Nothing is perfect. Everything we do will be liked by some and despised by others. There is no pleasing all. Taner Ceylan is a contemporary Turkish artist whose work is placed somewhere between admiration and praise, on one side, and harsh criticism and loathe, on the other. His reputation is well earned, as he creates photo-realistic paintings filled with elements of homo-eroticism. He’s audacious and free-spirited, his work provocative, and yet Ceylan successfully manages to examine what exactly means to be Turkish today, both as a human and as an artist. Paintings portraying national identity and Orientalism are among those delicate topics that mostly divide his audience, and at the same time, the ones he is best known for and proud of.
The ever-present sexual explicitness in his works got Ceylan compared with Jeff Koons and Robert Mapplethorpe. His style could be described as emotional realism, making it a bit different from the work of other hyper-realist such as Chuck Close, who is a huge inspiration for Ceylan. There is a situation he’s always trying to emphasize – emotional reality has always been the element he’s trying to bring to the fore, which actually means that he's much more interested and wants the viewers to see the object itself rather than paint. When they look at the paintings, the blood should be blood, water should be water, not red, blue, or any other used color.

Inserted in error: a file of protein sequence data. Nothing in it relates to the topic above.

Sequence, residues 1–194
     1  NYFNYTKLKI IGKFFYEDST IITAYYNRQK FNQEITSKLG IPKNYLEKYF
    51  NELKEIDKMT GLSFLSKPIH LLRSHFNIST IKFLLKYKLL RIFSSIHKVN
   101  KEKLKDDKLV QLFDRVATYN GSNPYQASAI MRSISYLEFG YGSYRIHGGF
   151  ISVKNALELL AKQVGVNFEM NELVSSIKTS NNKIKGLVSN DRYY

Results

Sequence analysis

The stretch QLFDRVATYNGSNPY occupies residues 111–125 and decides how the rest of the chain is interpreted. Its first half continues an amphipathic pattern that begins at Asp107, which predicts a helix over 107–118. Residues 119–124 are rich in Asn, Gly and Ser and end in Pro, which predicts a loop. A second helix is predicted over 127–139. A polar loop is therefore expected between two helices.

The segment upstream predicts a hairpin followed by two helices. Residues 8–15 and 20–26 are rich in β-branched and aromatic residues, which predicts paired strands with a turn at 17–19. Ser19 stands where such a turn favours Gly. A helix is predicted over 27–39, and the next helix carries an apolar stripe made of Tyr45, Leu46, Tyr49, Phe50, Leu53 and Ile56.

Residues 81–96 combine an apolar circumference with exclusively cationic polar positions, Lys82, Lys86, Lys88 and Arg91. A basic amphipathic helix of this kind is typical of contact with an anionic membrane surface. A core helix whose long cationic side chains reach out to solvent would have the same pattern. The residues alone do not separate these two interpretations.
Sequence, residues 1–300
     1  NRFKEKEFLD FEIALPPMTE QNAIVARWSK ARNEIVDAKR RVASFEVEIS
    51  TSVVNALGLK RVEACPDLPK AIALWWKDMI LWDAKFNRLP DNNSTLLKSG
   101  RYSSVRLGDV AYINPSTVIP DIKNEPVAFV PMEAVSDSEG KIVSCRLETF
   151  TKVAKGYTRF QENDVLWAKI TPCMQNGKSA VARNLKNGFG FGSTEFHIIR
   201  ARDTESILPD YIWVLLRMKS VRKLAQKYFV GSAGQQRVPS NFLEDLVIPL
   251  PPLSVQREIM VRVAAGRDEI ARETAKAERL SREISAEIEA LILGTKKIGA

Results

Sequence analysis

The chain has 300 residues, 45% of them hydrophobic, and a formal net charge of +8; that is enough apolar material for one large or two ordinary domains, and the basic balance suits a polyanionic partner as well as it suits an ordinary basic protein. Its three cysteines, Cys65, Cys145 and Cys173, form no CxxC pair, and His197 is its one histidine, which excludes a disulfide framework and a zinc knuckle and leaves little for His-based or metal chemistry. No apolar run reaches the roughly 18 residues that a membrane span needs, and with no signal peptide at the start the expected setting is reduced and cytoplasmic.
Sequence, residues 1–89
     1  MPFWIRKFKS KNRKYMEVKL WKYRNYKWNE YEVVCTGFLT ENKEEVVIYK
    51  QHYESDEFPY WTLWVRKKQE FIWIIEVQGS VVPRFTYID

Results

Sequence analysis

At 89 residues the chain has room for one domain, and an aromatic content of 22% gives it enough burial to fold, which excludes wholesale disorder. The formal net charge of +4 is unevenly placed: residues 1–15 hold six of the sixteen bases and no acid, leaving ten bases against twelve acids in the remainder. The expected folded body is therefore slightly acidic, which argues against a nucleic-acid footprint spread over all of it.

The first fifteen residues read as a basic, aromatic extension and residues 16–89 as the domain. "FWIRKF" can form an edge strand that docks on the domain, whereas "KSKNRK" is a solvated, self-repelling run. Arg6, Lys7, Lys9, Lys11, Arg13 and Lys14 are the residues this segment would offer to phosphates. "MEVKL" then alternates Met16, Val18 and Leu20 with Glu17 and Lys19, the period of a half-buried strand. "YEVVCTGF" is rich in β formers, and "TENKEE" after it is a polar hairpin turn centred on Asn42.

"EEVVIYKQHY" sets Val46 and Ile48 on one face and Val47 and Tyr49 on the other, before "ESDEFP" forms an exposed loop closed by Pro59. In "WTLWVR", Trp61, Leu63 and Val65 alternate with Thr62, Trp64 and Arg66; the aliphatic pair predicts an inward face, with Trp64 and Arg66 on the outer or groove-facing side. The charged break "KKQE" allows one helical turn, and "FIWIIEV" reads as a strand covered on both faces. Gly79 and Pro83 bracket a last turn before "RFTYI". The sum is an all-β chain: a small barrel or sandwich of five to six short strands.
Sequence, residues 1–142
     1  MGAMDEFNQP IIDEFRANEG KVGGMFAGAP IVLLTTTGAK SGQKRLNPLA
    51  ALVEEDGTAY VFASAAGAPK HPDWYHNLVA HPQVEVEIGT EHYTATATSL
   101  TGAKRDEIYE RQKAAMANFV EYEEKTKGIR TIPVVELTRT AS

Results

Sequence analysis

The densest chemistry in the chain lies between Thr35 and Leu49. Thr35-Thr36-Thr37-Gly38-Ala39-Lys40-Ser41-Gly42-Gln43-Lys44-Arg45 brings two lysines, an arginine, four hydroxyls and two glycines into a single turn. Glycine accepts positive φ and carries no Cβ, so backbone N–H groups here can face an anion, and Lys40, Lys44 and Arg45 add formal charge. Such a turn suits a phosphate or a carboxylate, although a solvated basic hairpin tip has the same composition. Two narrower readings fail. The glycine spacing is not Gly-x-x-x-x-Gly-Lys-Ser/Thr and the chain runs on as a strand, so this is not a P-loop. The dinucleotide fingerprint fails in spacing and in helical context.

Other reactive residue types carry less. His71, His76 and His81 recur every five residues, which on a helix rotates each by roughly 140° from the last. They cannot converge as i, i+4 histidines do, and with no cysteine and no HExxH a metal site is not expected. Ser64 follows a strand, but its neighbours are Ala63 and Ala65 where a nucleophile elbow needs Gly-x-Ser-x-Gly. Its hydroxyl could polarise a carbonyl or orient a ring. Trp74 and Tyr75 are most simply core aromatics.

He is also known for the paintings that, simply put, rewrite the history of Turkey. In the piece titled 1881, where the protagonist is a young and fez-wearing pasha, whose eyes reveal, according to Ceylan himself, that he is ready to do just about everything, especially if there’s some money involved. Some went as far as to compare the young man to the father of the modern Turkey, the Ataturk. Marc Quinn was delighted by the perfect mix of the arrogance and menace, and bough the painting at the Sotheby’s auction in London for more than £ 120,000.
Ceylan was born in Germany but have moved to Turkey when he was 16 years old. Now he lives between Istanbul and New York, and all those places have an influence on him. When speaking of belonging, he doesn’t like limiting himself to just one place, but, Istanbul is where home, all of his friends and family are. Nevertheless, as an artist, he’s feeling the need to belong anywhere while creating work that’s universal, despite using so much Ottoman details. Ceylan studied at the Mimar Sinan University and worked as a lecturer at the Fine Arts Faculty of Yeditepe University from 2001 until 2003, where he established a great relationship with the students. Even though he’s no longer at the University, Ceylan continues to teach young artists via correspondence. His started exhibiting his work in 1991, and his performance and exhibition The Monte Carlo Style, which took place in 1995, made a significant impact on the Turkish art scene.
‘’For me, art is a space where logic lags far behind as intuition and emotions rear up. It’s an individual act, a political statement in and of itself. Understanding a work in an exhibition isn’t done by reading pages upon pages of text or sorting social context.’’ In a modern world, so many artworks are created that simply don’t have any kind of connection to people. That’s why Ceylan creates pieces that are directed towards emotion, people, our souls. He is interested in art that surpasses the limitations of belonging to one country or nationality, making paintings that are universal in their intention of connecting to the people.
Featured image: Taner Ceylan – portrait, photo credits Cihan Oncu
All images courtesy of the artist